Lavin & Parisi, Attorneys at Law

Crystal Lake Family Law And Estate Planning Blog

Common signs that divorce could be lurking

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The first time your spouse approached you with a conversation about divorce, it can be a complete surprise. Even if you had a little inkling that the marriage hasn't been as strong as it used to be, it can still be an overwhelming and upsetting conversation. For those who have yet to have this discussion, you will want to take a look at the signs mentioned in this post that could signal divorce is on the horizon for you in Illinois.

Communication is quite possibly the most important part of a marriage. You and your spouse need to communicate in order to have a successful marriage. When there is a breakdown in communication, the marriage can take a hit to the point where it cannot be saved.

Can your divorce be based on a 'ridiculous' fight?

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If you’re familiar with family comedy shows such as “This Is Us” and “Modern Family” you may know about how petty arguments between married couples can morph into big problems. On television, these types of disputes typically turn into comedic moments, but sometimes emotional moments come about.

Of course, real life is not television, even though art sometimes imitates life. But an article from the Huffington Post exemplifies how sometimes “ridiculous” arguments can lead to couples breaking up. This post will highlight a couple of them.

Parental alienation robs you of your rights

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Because your marriage was stressful, you probably had no doubt that your divorce would be too. Still, you managed to separate, and now you share parenting duties that include divided time with your children. While this arrangement seemed to work in the beginning, you are noticing a change in your children. Perhaps they are more sullen, less communicative or even uninterested in being with you. They may even be openly defiant and disrespectful.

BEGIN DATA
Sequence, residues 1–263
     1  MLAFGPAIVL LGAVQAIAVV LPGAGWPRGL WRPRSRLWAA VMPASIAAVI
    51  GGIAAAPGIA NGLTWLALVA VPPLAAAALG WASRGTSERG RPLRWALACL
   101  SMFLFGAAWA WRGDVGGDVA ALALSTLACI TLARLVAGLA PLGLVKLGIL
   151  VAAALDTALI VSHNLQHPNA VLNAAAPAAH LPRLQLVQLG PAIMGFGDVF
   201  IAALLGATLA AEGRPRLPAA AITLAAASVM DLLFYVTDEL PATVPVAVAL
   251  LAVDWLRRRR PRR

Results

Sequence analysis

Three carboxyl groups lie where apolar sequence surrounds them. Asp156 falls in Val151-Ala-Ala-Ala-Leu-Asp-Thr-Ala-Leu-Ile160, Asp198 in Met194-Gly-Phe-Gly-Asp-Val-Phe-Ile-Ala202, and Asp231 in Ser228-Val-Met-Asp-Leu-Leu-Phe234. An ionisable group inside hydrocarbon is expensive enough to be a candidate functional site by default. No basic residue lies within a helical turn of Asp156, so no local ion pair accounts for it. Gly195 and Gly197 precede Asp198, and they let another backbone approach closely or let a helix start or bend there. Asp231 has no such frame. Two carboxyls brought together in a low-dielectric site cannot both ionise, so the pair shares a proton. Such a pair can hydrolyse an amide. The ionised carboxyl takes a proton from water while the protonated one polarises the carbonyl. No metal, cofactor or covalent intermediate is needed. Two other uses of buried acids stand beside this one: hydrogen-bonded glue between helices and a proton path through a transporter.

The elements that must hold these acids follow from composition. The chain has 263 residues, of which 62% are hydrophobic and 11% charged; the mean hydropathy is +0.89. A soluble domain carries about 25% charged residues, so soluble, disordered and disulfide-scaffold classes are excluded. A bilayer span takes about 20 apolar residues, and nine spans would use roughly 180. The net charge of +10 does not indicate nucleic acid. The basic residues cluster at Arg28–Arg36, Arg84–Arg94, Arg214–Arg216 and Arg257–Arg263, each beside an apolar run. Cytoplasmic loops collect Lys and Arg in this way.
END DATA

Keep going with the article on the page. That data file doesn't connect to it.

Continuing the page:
While it may be easy to chalk this up to the traumatic changes in their lives or the phases they may be going through, you may also be witnessing the early results of a frightening scheme your former spouse is perpetrating. Known as parental alienation, this form of psychological abuse places the children in a confusing and vulnerable position as your former spouse uses them to rob you of your parental rights.

Protecting your children's best interests during visitation

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When you decided to divorce, your main priority was to make sure the situation would not permanently scar your children. Due to certain extenuating circumstances, however, you immediately had cause for worry concerning future parenting plans, namely, the potential visitation arrangement.

You know your children are already aware of your soon-to-be former spouse's alcohol addiction. In fact, such issues were major causal factors in the breakdown of your marriage. While you understand that your kids love their other parent, you also don't want them exposed to any situation that may place them in harm's way.

Mother has child custody revoked after drunk driving arrests

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The highest concern of parents is the safety and well-being of their children. Family courts in Illinois and other states always focus on these interests during divorce proceedings and child custody hearings. Sadly, some parents call their judgment into question with bad behavior that could affect offspring.

A mother's drunk driving has caused serious concern among other parents as well as several child protective services agencies. An Illinois police chief described his department's arrest of the woman "one of the worst impaired driving arrests our agency has ever made."